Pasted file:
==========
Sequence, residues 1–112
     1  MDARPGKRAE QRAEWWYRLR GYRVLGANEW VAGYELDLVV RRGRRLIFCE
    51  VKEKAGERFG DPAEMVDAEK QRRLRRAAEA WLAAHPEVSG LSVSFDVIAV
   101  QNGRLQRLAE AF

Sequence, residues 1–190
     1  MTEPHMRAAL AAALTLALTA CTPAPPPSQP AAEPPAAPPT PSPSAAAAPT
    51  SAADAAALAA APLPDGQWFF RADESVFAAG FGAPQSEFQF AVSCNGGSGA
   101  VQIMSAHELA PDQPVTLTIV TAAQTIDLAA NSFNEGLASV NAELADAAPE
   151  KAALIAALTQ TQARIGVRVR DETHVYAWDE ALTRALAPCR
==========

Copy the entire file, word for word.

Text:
Sequence, residues 1–112
     1  MDARPGKRAE QRAEWWYRLR GYRVLGANEW VAGYELDLVV RRGRRLIFCE
    51  VKEKAGERFG DPAEMVDAEK QRRLRRAAEA WLAAHPEVSG LSVSFDVIAV
   101  QNGRLQRLAE AF

Sequence, residues 1–190
     1  MTEPHMRAAL AAALTLALTA CTPAPPPSQP AAEPPAAPPT PSPSAAAAPT
    51  SAADAAALAA APLPDGQWFF RADESVFAAG FGAPQSEFQF AVSCNGGSGA
   101  VQIMSAHELA PDQPVTLTIV TAAQTIDLAA NSFNEGLASV NAELADAAPE
   151  KAALIAALTQ TQARIGVRVR DETHVYAWDE ALTRALAPCR